Suterusu: “We can help Libra solve its privacy problems”
Interview

Suterusu: “We can help Libra solve its privacy problems”

By Daniele Chicca - 22 Oct 2019

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Much has been said in recent days about the major defections suffered by the Facebook stablecoin project, Libra. Although several companies including PayPal and credit card giants MasterCard and VISA have decided to withdraw from the Libra Association, there are still 21 member groups in the association. And there are other groups that are interested in taking part in the controversial initiative. One of these is Suterusu

Suterusu is a blockchain project whose main objective is to offer tools to guarantee online privacy. This was stated by the managing director Zhengpeng Hou in an interview with The Cryptonomist.

Suterusu: “Libra is a great project, but it needs time.”

If there is one aspect on which Facebook still has a lot to work on, it is that of privacy. The group would like to join the Libra Association, which recently met in Geneva to approve the paper and elect the members of the board. “Libra is a great project” and if given the opportunity Hou says that “we [at Suterusu] would be delighted to contribute our zk-ConSNARK to the project”. 

The founder of the blockchain group, the name of which in Japanese means “Stealth”, believes that Libra only needs a little time to demonstrate the validity of the project. The initiative, which should take shape from 2020, has already had positive effects for the crypto sector

“It has already brought educational impact to a more broad audience, and spread the word about blockchain”. Suterusu, who wants to implement an anonymous crypto based on the ZK-ConSNARK cryptographic function, is convinced that “it will get better for them – both in success commercially and politically”.

“The [blockchain] solutions that we are advancing will be helpful to companies like Amazon and other e-commerce platforms”.

Another company that aims to be commercially successful is Suterusu, whose privacy solutions based on the blockchain have as their main purpose – in Hou’s own words – to “secure e-commerce consumers and their data”. 

Suterusu’s management is convinced that its technology will allow hi-tech giants such as Amazon to create their own private, lightweight and functional crypto network and let it interact with other networks that use Suterusu technology.

One day customers will demand that their privacy is guaranteed and large groups such as that of Jeff Bezos will have to adapt to the growing demand for protection of sensitive data

“I know people in the e-commerce world are very interested in blockchain and are developing their own solutions”. This is clearly a great result for the blockchain, because – observes Hou – “we are trying to solve the same problems that afflict supply chain economics and e-commerce”.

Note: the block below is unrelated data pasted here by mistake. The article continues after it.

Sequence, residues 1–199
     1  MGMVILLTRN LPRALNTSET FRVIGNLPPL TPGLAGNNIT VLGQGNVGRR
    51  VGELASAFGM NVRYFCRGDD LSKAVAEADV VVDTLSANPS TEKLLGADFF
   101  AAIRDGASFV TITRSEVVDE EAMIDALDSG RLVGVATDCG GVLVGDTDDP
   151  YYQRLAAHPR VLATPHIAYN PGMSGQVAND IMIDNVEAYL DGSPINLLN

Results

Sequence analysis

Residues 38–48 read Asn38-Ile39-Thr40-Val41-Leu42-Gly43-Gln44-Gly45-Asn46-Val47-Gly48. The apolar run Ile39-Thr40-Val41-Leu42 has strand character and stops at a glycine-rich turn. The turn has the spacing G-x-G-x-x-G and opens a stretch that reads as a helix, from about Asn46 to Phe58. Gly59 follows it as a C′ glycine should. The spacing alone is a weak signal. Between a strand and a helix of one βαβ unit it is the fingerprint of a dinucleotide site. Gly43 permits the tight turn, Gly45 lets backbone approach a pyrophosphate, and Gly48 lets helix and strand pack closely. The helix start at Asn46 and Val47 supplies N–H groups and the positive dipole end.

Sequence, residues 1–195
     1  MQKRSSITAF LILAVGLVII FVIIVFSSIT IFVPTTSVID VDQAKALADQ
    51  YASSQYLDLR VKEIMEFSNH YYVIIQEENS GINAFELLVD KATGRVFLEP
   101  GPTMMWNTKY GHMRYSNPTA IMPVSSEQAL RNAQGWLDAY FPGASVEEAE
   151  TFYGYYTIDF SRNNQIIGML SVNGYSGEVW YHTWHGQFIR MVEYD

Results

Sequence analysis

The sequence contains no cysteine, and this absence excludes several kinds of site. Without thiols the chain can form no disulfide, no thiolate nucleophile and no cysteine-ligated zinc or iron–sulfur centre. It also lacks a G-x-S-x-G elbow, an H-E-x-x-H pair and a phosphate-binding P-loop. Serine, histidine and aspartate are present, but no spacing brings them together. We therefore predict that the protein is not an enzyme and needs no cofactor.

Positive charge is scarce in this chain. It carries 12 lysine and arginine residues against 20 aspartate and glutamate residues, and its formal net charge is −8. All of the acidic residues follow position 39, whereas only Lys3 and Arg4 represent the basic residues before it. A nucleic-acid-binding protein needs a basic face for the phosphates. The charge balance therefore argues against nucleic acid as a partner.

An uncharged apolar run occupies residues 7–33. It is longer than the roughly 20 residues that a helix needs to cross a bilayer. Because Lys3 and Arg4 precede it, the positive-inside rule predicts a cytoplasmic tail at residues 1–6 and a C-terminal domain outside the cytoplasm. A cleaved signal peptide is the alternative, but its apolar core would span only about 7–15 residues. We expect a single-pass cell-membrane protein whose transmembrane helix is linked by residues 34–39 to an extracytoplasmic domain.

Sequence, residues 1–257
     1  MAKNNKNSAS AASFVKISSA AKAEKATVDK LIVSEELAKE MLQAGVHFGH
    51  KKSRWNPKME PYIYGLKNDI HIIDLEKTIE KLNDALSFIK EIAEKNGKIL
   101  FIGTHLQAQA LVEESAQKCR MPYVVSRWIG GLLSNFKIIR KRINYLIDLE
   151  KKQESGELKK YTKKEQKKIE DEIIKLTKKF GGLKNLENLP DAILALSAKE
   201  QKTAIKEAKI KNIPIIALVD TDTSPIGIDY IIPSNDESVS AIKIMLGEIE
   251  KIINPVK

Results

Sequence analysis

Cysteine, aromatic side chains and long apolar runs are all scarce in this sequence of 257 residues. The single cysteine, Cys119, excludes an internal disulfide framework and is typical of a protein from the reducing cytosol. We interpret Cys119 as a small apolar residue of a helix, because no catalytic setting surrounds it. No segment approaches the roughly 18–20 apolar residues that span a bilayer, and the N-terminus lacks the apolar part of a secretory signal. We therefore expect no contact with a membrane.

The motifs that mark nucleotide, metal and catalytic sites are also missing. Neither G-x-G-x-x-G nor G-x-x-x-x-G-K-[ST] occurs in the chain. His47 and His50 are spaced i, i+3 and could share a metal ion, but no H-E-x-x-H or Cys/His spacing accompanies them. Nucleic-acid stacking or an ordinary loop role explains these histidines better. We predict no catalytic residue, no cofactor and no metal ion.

“Both of our solutions are aligned and will be helpful to companies like Amazon and other e-commerce platforms. Our blockchain-based privacy solutions that utilize zk-SNARK technology can secure e-commerce consumers and their data.

In the increasingly interconnected world that we live in, where billions of pieces of data are transferred with impressive speed, privacy is continually being abused by businesses and governments

Cascading effect on global business payments

Suterusu would like that the next generation of blockchain technologies would include cryptographic functions as a fundamental prerequisite

Thanks to the new cryptographic functions called zk-SNARKs, cryptocurrencies will be able to offer real digital privacy. These “Zero-Knowledge Proofs” are not new projects, but according to Suterusu their use and popularity are increasing in the cryptographic universe. Just think of the other “privacy coins”, such as Monero, Beam and Zcash.

Suterusu is one of the latest additions to the blockchain landscape. It is incorporating the zk-SNARK functions to experiment with them in various real-world use cases. The private networks developed will not only transform peer-to-peer digital operations but will also have a cascading effect on corporate payment systems around the world, according to Suterusu. 

 

 

Daniele Chicca
Daniele Chicca

Graduated in foreign languages and literature at the University of Bologna, with a year of undergraduate at the UCL in London. A professional journalist since 2007, in time he specialized in finance, economics, and politics. After three years with Reuters in Milan, he worked for several newspapers, contributing among other things to an increase in progressive traffic on the website Wall Street Italy and offering services of various kinds for Radio Rai and press agencies AGI and TMNews (formerly Apcom). At the moment he is responsible for the drafting, the editorial line and the coordination of an important economic and financial information website.

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